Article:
Thursday, May 23, 2024

Netflix is rebuilding the cable bundle, but there’s one conspicuous topic it is avoiding | CNN Business

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New York

Netflix is rebuilding the cable bundle, sans one important ingredient: news.

The company, having blown up the decades-old linear television business and ushered in the costly and destabilizing era of streaming, is inching closer and closer to resembling the entertainment behemoths of yesteryear.

Netflix has added advertisements to its plans, a move it initially resisted for several years, touting more than 40 million subscribers to the ad-supported tier on Wednesday. It has added live late-night comedy, most recently with the roast of Tom Brady and John Mulaney’s “Everybody’s In L.A.” And it has made great strides into the live-sports arena, despite public statements asserting it does not wish to wade far into such waters.

On Wednesday, the streaming giant announced that it had struck a groundbreaking deal with the NFL to broadcast not one, but two games on Christmas Day this year. Those games add to the company’s ever-growing portfolio of live-sports offerings, including WWE “Raw,” which will air exclusively on the platform starting next year.

“Last year, we decided to take a big bet on live — tapping into massive fandoms across comedy, reality TV, sports and more,” Bela Bajaria, Netflix chief content officer, said in a statement explaining the decision.

Notably absent from Bajaria’s statement and the company’s programming strategy, however, is news. Netflix has shown little-to-no interest in investing in either live-news or pre-taped programming (a la, a show akin to “Vice News Tonight” or “60 Minutes”). To date, it has neither publicly discussed nor launched any such projects. And in conversations with talent agents, it has made clear that the streamer has no interest in even dabbling in the news business.

“The entertainment platforms are not interested in news,” one talent agent, speaking on the condition of anonymity, told me. “Their audiences don’t want it and it can be polarizing. It’s just not worth it for them.”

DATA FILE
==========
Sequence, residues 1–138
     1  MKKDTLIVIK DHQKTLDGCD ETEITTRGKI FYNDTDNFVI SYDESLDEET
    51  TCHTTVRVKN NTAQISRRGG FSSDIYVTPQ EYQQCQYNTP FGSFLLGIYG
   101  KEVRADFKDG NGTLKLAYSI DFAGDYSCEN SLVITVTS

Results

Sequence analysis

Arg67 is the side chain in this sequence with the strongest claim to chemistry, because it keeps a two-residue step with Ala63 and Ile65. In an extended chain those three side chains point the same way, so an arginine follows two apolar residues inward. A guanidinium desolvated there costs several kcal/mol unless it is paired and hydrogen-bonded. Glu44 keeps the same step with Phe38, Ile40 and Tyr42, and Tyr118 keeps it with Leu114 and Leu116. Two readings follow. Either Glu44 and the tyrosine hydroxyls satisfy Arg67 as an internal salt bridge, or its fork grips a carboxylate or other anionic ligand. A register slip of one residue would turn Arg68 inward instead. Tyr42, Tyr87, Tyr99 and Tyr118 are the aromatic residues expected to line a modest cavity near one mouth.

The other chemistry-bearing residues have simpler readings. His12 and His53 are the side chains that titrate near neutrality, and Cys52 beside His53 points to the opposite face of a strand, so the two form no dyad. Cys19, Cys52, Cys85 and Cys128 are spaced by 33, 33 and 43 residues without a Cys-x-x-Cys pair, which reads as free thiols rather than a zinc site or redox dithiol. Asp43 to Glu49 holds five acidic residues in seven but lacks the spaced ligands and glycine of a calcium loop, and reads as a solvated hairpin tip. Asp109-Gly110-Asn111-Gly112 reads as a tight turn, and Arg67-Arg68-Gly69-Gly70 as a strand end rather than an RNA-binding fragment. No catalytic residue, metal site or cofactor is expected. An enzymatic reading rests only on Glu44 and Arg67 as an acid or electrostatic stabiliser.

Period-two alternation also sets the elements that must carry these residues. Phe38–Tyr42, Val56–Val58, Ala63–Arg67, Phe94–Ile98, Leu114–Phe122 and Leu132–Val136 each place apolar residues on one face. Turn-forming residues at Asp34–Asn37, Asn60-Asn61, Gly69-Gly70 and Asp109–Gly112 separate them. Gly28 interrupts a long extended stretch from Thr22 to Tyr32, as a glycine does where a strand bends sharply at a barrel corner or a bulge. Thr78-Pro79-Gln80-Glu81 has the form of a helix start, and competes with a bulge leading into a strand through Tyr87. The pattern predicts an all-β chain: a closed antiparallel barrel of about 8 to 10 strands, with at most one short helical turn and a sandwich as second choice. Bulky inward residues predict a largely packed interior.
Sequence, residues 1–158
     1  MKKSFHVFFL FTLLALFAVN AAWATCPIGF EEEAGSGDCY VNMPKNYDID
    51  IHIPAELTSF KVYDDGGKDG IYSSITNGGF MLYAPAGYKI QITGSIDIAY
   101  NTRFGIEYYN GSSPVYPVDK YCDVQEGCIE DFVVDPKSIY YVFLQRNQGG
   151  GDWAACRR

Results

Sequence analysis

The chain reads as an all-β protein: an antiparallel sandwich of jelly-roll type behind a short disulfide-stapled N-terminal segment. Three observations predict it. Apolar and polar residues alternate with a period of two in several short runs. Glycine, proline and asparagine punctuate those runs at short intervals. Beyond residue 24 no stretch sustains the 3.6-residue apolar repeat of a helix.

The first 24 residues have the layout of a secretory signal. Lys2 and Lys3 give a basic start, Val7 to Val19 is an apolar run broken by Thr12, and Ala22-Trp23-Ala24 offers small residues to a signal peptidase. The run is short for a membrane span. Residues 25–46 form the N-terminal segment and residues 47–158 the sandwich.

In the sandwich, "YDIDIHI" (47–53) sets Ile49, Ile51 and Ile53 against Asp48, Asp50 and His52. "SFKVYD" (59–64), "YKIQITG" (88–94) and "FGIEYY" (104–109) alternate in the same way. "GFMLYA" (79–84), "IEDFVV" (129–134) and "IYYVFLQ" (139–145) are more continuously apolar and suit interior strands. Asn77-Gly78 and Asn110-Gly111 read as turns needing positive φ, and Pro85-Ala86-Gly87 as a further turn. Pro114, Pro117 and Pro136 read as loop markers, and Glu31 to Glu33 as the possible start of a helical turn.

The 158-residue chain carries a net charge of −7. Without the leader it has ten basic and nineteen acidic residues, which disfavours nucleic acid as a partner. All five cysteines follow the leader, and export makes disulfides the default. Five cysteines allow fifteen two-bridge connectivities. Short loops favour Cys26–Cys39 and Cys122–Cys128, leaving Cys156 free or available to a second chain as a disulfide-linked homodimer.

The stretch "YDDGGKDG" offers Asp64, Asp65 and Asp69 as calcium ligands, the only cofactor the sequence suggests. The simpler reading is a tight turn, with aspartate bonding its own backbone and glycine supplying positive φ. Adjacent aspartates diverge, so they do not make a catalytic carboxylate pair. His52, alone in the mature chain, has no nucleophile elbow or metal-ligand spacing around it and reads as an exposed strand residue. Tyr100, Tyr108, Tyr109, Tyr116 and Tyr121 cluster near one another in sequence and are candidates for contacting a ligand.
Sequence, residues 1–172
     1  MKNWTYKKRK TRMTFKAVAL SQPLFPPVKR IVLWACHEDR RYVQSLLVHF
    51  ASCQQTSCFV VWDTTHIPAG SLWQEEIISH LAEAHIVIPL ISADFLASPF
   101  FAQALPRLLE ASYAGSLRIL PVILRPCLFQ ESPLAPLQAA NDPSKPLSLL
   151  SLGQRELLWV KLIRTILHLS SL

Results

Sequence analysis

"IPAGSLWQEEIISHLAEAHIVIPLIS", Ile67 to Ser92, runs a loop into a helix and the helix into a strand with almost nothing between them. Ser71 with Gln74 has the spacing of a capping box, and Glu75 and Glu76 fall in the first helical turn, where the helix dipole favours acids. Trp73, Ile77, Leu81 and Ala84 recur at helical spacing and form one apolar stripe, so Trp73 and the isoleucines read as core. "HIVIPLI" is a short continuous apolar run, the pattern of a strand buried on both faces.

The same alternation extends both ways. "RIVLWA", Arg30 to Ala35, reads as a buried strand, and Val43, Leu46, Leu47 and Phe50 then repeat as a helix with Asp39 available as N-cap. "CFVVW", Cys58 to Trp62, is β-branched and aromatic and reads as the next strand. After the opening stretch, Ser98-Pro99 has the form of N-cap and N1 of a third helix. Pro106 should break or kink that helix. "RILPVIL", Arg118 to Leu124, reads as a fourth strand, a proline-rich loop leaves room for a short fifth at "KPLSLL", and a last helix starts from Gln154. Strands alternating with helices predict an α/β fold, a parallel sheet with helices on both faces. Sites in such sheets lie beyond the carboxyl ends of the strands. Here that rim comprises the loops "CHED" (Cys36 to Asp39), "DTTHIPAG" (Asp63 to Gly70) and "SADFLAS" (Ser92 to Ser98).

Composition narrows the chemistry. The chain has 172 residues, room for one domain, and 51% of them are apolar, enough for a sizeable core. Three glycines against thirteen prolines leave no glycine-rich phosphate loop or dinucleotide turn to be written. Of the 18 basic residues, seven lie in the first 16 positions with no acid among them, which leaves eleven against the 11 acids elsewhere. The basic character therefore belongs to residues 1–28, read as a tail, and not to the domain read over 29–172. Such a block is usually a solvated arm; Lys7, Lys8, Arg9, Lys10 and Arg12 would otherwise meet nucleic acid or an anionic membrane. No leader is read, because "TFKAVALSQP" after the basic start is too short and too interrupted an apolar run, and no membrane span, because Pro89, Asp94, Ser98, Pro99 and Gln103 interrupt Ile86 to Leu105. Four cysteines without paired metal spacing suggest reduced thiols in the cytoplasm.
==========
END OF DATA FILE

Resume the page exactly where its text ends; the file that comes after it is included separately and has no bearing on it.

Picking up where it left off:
In actively avoiding the news, Netflix joins Meta as a pioneering technology and media company that has upended the business models news organizations have relied on for decades, only to turn its back on the industry.

To be fair to these companies, there are plenty of business reasons to avoid dabbling in the news. First, news reporting is simply not as popular as entertainment content. Second, and perhaps more importantly for these companies, news has become incredibly polarizing in recent years.

Simply stating that the 2020 presidential election was not stolen — a proven fact — alienates Republicans. That polarizing factor means that not only is it more difficult to sell advertisements around the content, but that by carrying such programming, there is a chance a swath of the customer base will be turned off by the brand and motivated to unsubscribe.

Which is all to say that Netflix investing in news programming would translate into spending money on content that is not as popular as other genres, but far more risky to the overall business. From a purely business standpoint, avoiding that type of programming make sense.

Of course, the counterargument is that these companies perhaps have a civic responsibility to invest in news and public affairs programming — especially since they contributed greatly to the destruction of the business model that had supported television newsrooms for so long. Journalists are crucial to thriving democracies and the hollowing out of the news industry has vast implications for the future of the free world.

It’s anything but unprecedented for large media companies to invest money in journalism. Warner Bros. Discovery has CNN. Comcast has NBC News. Disney has ABC News. Paramount has CBS News. The list goes on. And, back when cable was ascendant and disruptive, as Netflix is today, the major carriers financed the birth of C-SPAN, offering the public a continuous feed of its government at work. So, is it really out of the question to wonder whether a streamer like Netflix should consider a similar move to offer news programming that informs and enriches the public?

Rebuilding the traditional cable package without news is akin to putting together a meal that includes steak, potatoes and ice cream, but not the broccoli. The vegetables might not be the tastiest, most popular item on the menu, but neglecting them would not be healthy. Likewise, only investing in comedy and sports might be more satisfying for its audience, but it certainly isn’t a healthy choice for society.

That is the destination, though, where the current decisions are leading. And as the streaming revolution continues to take the wind out of the traditional cable bundle by poaching the rights to live sports, the once-towering television news outlets will be further diminished, turning the situation even more dire.

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